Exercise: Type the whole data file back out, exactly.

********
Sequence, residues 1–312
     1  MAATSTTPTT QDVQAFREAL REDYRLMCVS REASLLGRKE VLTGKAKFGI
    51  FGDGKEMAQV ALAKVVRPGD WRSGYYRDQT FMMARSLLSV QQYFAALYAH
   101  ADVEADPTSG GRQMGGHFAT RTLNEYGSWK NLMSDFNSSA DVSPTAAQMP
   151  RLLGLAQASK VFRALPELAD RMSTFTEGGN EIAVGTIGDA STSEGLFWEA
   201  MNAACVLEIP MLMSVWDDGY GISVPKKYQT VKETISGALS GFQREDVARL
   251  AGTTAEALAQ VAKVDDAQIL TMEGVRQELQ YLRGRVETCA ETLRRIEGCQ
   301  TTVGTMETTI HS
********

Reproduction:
Sequence, residues 1–312
     1  MAATSTTPTT QDVQAFREAL REDYRLMCVS REASLLGRKE VLTGKAKFGI
    51  FGDGKEMAQV ALAKVVRPGD WRSGYYRDQT FMMARSLLSV QQYFAALYAH
   101  ADVEADPTSG GRQMGGHFAT RTLNEYGSWK NLMSDFNSSA DVSPTAAQMP
   151  RLLGLAQASK VFRALPELAD RMSTFTEGGN EIAVGTIGDA STSEGLFWEA
   201  MNAACVLEIP MLMSVWDDGY GISVPKKYQT VKETISGALS GFQREDVARL
   251  AGTTAEALAQ VAKVDDAQIL TMEGVRQELQ YLRGRVETCA ETLRRIEGCQ
   301  TTVGTMETTI HS